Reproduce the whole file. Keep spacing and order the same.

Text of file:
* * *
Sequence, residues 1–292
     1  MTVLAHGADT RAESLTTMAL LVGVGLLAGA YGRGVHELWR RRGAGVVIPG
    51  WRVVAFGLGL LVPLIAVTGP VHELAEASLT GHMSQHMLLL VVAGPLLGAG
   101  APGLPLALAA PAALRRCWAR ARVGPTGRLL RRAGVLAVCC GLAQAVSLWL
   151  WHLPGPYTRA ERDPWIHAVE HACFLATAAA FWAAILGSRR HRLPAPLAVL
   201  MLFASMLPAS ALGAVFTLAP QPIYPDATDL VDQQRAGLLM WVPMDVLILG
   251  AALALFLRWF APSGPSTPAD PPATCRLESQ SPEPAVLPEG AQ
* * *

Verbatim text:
Sequence, residues 1–292
     1  MTVLAHGADT RAESLTTMAL LVGVGLLAGA YGRGVHELWR RRGAGVVIPG
    51  WRVVAFGLGL LVPLIAVTGP VHELAEASLT GHMSQHMLLL VVAGPLLGAG
   101  APGLPLALAA PAALRRCWAR ARVGPTGRLL RRAGVLAVCC GLAQAVSLWL
   151  WHLPGPYTRA ERDPWIHAVE HACFLATAAA FWAAILGSRR HRLPAPLAVL
   201  MLFASMLPAS ALGAVFTLAP QPIYPDATDL VDQQRAGLLM WVPMDVLILG
   251  AALALFLRWF APSGPSTPAD PPATCRLESQ SPEPAVLPEG AQ